- Avoid contention on datastore entities. If every request to your app reads or writes a particular entity, latency will increase as your traffic goes up because reads and writes on a given entity are sequential. One example construct you should avoid at all costs is the gobal counter, i.e. an entity that keeps track of a count and is updated or read on every request. There are some interesting ways of simulating this behavior that don't require reads/writes on every request, and we'll talk about a handy way to cache entities for reads below.
- Avoid large entity groups. Any two entities that share a common ancestor belong to the same entity groups. All writes to an entity group are sequential, so large entity groups can bog down popular apps quickly if there are a lot of writes to that group. Instead, use small, localized groups in your design.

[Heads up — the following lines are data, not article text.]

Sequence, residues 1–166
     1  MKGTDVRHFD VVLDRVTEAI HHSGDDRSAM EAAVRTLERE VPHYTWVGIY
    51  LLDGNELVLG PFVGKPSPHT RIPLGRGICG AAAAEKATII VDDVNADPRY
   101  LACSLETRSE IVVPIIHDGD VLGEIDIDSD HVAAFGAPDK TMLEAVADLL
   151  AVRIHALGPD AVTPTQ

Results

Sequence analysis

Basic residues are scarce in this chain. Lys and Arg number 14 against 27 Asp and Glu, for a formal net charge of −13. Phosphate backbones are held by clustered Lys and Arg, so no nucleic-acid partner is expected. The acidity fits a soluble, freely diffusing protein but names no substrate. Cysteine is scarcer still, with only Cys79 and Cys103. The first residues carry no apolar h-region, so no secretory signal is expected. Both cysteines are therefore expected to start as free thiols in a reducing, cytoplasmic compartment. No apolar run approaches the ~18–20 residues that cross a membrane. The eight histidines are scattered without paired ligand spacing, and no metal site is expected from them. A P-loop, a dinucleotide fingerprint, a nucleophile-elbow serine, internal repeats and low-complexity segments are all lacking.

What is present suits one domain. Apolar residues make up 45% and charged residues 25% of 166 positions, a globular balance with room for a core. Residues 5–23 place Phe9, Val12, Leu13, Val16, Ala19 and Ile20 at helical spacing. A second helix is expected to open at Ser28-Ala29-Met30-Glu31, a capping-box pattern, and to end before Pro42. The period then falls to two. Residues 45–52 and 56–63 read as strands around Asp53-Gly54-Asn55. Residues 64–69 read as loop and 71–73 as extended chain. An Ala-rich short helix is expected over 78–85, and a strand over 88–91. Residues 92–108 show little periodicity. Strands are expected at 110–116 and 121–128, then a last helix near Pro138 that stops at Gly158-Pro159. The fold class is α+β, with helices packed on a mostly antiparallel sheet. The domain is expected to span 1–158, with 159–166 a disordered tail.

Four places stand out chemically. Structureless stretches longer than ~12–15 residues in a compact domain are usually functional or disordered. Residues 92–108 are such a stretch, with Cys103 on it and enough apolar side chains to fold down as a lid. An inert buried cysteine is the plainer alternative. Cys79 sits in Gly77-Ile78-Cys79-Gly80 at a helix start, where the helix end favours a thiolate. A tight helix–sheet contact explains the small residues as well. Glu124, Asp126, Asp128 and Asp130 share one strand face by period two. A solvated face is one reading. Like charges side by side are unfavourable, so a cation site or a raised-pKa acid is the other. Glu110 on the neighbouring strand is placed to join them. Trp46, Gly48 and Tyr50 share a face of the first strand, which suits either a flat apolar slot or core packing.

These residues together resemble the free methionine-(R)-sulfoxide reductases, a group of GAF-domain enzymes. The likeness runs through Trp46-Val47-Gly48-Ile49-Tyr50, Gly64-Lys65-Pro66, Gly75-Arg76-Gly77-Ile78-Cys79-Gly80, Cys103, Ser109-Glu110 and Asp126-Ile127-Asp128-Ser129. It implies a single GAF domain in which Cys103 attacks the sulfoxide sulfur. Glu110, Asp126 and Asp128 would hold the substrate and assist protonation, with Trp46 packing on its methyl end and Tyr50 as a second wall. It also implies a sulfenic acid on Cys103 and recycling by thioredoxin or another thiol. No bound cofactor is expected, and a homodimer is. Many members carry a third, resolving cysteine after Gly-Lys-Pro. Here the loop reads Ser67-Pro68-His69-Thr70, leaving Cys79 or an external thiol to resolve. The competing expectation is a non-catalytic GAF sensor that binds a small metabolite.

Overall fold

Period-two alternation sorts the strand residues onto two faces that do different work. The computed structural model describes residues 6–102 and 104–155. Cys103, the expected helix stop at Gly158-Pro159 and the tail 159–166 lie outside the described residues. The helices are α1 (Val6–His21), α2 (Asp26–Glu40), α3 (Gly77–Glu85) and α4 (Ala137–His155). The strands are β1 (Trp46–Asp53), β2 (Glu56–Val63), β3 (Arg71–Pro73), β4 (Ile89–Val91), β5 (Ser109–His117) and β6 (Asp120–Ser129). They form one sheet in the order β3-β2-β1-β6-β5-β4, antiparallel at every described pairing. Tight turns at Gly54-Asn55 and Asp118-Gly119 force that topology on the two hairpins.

- Write sparingly. Writes are more expensive than reads; keep this in mind when designing your data model. If you can avoid a write--it's best to do so.
- Define a
main()function for code reuse. Instances of your app are kept running for a certain period after each request, so there's a chance that any request will hit an already-running app. Apps that define
mainas in the following example:
application = webapp.WSGIApplication(_URLS, debug=True)
if __name__ == '__main__':
reuseglobal variables, so although there's no guarantee that any given request will hit a running app instance, you can take advantage of this to non-deterministically cache entities and other expensive values. This works simply because App Engine will detect if
main()is present in an already-loaded script and call it instead of re-importing.
- Profile your code. You can use the Python profiler to profile your code's performance.